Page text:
Tax deal could resolve long-running feud between county, city and company
Hugh G. Willett knoxnews.com
LOUDON — A 10-year tax deal could resolve a long-running feud between Loudon County, the city of Loudon and Tate & Lyle, the county's largest single employer and taxpayer.
In 2011 Tate and Lyle contested its tax assessment, requesting a reduction in valuation from $72 million to $30 million. The county won the initial case but the company has been appealing.
The payment in lieu of taxes (PILOT) proposal, which must be approved by both the county commission and the city of Loudon, was presented to the Loudon City Council Monday by Loudon County Economic Development Agency President Pat Phillips.
The PILOT would allow Tate & Lyle to pay the city and county a combined $2 million a year for 10 years. The company currently pays about $2.2 million per year in taxes.
The proposal is not just about taxes, Phillips said. The program is an economic investment project that would offer multiple benefits to the county, he said.
Under the deal Tate and Lyle would withdraw the tax appeal and agree not to appeal for the next 10 years. The back taxes held in escrow during litigation would be released to the municipalities.
"This is a way to settle this and get it out of the court's hands," said City Manager Lynn Mills.
The deal would assure that Tate & Lyle and associated businesses, which now employ about 550 at the Blair Bend site, remain in the county for at least 10 more years during which time continued investment could lead to more good-paying jobs, Phillips said.
"They are huge to this community," Phillips said.
Any new investment by the company would continue to be taxed at the current rate until the 10-year period expired.
Tate & Lyle is considering investing about $66 million in a 50-megawatt combined heat-and-power system, according to plant manager Gerry Schlueter.
The CHP system would not only allow the company to get off the TVA power grid but would also have significant environmental benefits, taking 10,000 tons of pollutants out of the air every year, he said.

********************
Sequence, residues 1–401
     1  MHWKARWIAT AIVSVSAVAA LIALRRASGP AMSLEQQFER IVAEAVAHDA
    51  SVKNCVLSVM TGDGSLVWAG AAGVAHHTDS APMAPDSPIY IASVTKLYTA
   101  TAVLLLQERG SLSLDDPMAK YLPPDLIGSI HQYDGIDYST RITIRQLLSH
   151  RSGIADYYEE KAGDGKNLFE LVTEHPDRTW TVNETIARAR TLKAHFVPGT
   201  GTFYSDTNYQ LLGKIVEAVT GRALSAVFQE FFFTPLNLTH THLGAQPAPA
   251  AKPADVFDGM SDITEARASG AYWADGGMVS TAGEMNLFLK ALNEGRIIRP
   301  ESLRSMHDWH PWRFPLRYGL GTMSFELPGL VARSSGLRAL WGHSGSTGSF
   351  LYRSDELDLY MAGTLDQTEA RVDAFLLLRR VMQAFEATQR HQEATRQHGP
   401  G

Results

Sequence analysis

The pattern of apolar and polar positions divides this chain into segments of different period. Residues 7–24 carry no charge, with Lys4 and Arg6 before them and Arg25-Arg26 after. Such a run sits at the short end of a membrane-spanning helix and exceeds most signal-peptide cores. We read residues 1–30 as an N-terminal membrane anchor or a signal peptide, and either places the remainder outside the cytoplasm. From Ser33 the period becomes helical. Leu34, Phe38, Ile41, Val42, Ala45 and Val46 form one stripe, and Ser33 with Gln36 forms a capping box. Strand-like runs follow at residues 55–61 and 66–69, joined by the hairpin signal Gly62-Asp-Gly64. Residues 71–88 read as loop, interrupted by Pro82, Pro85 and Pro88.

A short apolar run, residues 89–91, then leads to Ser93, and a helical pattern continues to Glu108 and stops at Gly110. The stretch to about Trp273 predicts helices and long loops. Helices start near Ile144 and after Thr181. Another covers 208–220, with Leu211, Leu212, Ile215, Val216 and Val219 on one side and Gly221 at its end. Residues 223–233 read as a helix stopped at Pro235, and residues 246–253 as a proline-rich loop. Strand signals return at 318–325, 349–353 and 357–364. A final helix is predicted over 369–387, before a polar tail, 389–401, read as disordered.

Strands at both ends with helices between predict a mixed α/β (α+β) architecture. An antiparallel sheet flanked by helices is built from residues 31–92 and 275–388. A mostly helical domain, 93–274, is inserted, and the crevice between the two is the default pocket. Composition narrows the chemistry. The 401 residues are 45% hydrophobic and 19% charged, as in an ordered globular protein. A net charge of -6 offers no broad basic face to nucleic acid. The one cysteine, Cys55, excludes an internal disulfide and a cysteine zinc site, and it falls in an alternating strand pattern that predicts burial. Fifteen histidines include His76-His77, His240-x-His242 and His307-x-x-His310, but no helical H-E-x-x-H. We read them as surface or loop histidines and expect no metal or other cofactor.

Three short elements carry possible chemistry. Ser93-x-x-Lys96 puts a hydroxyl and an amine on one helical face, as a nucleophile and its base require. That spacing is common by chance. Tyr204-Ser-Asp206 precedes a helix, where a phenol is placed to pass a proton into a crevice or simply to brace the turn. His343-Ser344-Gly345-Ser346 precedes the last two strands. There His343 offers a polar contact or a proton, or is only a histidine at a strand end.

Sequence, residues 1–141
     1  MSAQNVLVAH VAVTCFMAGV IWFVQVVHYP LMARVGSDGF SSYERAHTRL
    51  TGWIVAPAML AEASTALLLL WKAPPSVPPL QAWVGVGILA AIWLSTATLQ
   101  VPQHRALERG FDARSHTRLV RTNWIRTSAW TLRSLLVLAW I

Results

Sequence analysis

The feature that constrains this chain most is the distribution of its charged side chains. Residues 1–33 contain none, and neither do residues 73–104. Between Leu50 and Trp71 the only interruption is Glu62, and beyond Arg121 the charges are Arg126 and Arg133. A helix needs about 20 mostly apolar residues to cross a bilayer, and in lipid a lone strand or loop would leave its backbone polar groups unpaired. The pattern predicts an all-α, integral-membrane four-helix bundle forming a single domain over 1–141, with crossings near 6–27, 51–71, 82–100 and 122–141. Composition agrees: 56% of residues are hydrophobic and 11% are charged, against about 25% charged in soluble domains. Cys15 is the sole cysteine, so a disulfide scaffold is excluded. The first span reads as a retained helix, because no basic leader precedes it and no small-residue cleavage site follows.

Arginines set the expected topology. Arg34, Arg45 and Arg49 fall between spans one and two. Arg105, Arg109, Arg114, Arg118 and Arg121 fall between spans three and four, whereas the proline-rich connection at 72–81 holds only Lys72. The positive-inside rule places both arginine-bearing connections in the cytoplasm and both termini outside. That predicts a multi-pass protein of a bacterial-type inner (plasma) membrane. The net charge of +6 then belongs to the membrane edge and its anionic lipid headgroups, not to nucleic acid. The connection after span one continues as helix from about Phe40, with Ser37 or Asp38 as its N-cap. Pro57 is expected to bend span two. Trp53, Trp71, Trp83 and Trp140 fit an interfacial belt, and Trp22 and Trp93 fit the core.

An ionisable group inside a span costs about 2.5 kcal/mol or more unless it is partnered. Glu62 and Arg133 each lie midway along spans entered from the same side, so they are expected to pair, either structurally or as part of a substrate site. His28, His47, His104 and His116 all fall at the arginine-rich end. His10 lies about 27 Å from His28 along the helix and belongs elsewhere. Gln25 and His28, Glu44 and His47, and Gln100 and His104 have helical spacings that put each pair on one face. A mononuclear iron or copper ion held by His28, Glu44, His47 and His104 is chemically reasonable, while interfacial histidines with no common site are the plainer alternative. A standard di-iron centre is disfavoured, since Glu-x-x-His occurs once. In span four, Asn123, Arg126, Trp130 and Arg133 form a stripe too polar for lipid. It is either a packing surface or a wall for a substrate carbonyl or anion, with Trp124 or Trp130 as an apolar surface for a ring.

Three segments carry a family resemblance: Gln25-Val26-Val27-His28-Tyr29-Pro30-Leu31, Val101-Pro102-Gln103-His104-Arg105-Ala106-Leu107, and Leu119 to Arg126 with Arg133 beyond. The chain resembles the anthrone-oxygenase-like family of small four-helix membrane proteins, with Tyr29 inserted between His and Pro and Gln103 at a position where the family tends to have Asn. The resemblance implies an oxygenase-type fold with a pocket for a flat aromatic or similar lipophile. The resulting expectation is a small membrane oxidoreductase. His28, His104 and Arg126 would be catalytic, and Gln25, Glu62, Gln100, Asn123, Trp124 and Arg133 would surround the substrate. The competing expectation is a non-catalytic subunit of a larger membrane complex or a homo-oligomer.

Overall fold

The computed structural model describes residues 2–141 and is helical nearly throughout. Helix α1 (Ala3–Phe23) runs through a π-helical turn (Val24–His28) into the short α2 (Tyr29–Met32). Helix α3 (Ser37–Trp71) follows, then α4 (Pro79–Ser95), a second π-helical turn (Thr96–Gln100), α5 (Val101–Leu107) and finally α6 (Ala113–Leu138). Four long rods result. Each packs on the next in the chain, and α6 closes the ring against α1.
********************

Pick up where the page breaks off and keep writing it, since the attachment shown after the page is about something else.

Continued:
Getting off the TVA grid makes the plant more competitive, Schlueter said. A plant that is more competitive is more likely to be the site of future investment and less likely to be shut down, he said.
City councilor Lynn Millsaps said he was concerned the decision would affect the tax rates of the city and county for the next 10 years. With a constantly increasing school budget and a new jail under consideration, the county needs more tax revenue, not less, he said.
Millsaps also said he was not ready to concede that the city and county wouldn't prevail if the litigation continued.
"I think we should let the appeals process continue," he said.
Local businessman Tommy Nicholson told the council he was concerned about every business paying its fair share of taxes. He said his family has operated a store in the county since 1950 and always paid its taxes, "in good times and bad."
After a short discussion about waiting for the county commission's reaction to the proposal, council voted 3-2 to approve the resolution.
The approval puts the fate of the project in the hands of county commission.
County Mayor Buddy Bradshaw told the council that the commission would review the proposal in July. He said he thought the commission would support the proposal based on the importance of Tate & Lyle to the county and the prospects of creating new jobs in the future.
The combination of multiple additional benefits, including the opportunity to escape continuing tax litigation and the improvements to air quality, would be important factors in considering the decision, he said.